I always felt given the incompetance of the Romulans that they were more a comical disturbance rather than a genuine threat that they were often trying to portray themselves as. This was rather evident with Tomolak. Whereas other Romulans were genuinely serious, Tomolak fit the trope of a bad liar, a very comical usage of the trope. His moments in "The Enemy" in which Picard rejects his claim, are hilarious as Hell.

  • Have you seen Tomolak's actor Andreas Katsulas as G'Kar in Babylon 5?
    – LAK
    Commented Aug 18, 2019 at 16:30
  • Yeah, Chain Of Command, where Picard is tortured for information by the Romulans, laugh riot.
    – n_b
    Commented Aug 19, 2019 at 14:08
  • 2
    "Chain of Command" was the Cardassians, not Romulans
    – user114025
    Commented Aug 19, 2019 at 16:44

2 Answers 2


There's no indication that Tomalak is, or is intended to be presented as, a bad liar. If he's not especially convincing, it's because his claims are rather unbelievable on their face - but this is politics, where what matters isn't what you believe, but what you can prove. A bland lie, even if it's obvious, is useful because it doesn't give anything away.

Consider for a moment the ambasador in, e.g., The Hunt for Red October. Did the Americans really believe that the Soviets had simply "lost" their most advanced nuclear submarine? No, of course not. Were they meant to? Probably not, or a more credible lie could be drawn up. But it wasn't because it didn't matter: they couldn't prove anything else in the eyes of the world.

So it is here. Tomalak says that the expedition to Galorndon Core (in 3x07 "The Enemy") was a navigation error and that the satellite in orbit of Nelvana Three (in 3x10 "The Defector") was for archaeological purposes. Approximately no one believes this, but it doesn't matter because they cannot prove otherwise. Tomalak doesn't need anyone to believe his explanations, he just needs to give them for form's sake.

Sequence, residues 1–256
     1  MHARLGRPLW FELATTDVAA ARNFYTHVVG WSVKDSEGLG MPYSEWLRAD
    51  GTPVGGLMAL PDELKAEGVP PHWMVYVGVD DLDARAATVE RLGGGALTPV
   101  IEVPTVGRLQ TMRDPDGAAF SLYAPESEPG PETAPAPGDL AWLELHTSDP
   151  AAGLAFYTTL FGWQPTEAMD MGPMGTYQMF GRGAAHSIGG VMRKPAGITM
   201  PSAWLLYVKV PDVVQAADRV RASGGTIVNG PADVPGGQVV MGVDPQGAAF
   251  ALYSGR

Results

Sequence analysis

Proof and evidence are an important political consideration in both episodes:

WORF: Captain, I see no reason to return the Romulan to his ship. He should be held and interrogated.

RIKER: We have every right to detain him, sir.

PICARD: Without evidence of intent, Number One, it will not be a simple matter.

("The Enemy")

HADEN [on monitor]: Captain, we have received an official protest from the Romulan Empire demanding the return of your defector. Obviously, we are refusing to comply. I join in your skepticism, but if it is a deception, the Romulans are certainly making a good show of it.

("The Defector")

Beyond the characterization of Tomalak, there's every sign that the Romulans are to be taken seriously in "The Enemy":

PICARD: Commander, both our ships are ready to fight. We have two extremely powerful and destructive arsenals at our command. Our next actions will have serious repercussions.


RIKER: Close call.

PICARD: Too close, Number One. Brinksmanship is a dangerous game.

And in "The Defector":